Monday, November 8, 2010

Polling in Minnesota Governor's races; part 1

This was intended to be one post but quickly developed into a monster that just had to be segmented. While I am certainly not above splitting posts up simply for the sake of more posts, that is not the case in this instance.

The following comment from ldc sums it up:

I haven't seen a good explanation for why they were so far off, not just MPR/Humphrey but others too. At least in the Nevada senate race, they could explain the difference in pollster vs real election results by the Latino vote and whether the pollsters gave a Spanish language option. So what is the answer here??

She is right in that there doesn't appear to be an easy explanation like in some other states for the inaccuracies of some of the Minnesota Governor's race polls. I have advanced the argument before that errors in 2006 polling was due to late breaking events in that race that caused undecided voters to break heavily for Tim Pawlenty.

What about 2002 than? In that year the pollsters correctly predicted a Pawlenty win, but missed the final margin by about the same amount as in 2006 and 2010, 5 points. On the other hand polling in Minnesota Senate races, and Presidential races, has been rather accurate. Is there something about Minnesota Governor's races that makes polling them especially difficult?

I said this prior to the election in reference to Nate Silver's projecting an 86% chance of a Mark Dayton win:

That said, there is still a 14% chance that everyone is wrong. One of the data points that makes up that 14% is of course the 2006 Minnesota Governor's race. In that contest Mike Hatch had a three point lead in the simple polling average 45.5-42.5 and lost 46-47, a four point swing for Tim Pawlenty.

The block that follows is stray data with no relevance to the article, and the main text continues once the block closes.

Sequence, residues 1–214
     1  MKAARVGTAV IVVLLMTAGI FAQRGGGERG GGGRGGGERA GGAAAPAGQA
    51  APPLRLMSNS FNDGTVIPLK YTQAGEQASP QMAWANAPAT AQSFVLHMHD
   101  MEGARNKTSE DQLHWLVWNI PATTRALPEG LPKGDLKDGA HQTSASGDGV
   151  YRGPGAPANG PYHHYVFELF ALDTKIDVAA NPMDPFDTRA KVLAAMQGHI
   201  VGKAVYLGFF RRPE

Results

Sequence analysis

Let's take a look at the polling averages of all the polls conducted in the last month in the last three Governor's races.

(The number in the lower right box is the difference between the margin of the polling average and the margin of the race)

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The polling has been off in Minnesota Governor's races, on average, by between 4 and 5 points in the Democratic candidates favor. This tendency is not evident in Senate and Presidential elections however where the polling has tended to be much more accurate.

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The two presidential races and the Senate race in 2008 were by far the most accurate and not coincidentally they were also the races that received the most polling.

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The polling in the 2006 Senate race was off by more, but only about half as much as the three Governor's contests we looked at above even though it received the least polling of all the races.

There was another factor at play in that race that wasn't in play in the others, Amy Klobuchar had a clear and commanding lead in every single poll conducted. In races like that the undecided vote tends to break for the leading candidate which goes a long way toward explaining why the polls underestimated her margin at the same time they underestimated Pawlenty's.

Having established that the polling in past Minnesota Governor's races has been consistently wrong while the polling in other races in the same time frame have been generally very accurate we can move on actually answering ldc's question from the very beginning of this post; why?

There are two possibilities; either the polls themselves are wrong, or the polls are right and the GOP candidate is receiving a wave of support at the end of the race. The exploration of these two possibilities will be the content of part two, which I'll put up tomorrow.

In the meantime here's some laid back Monday music to enjoy:

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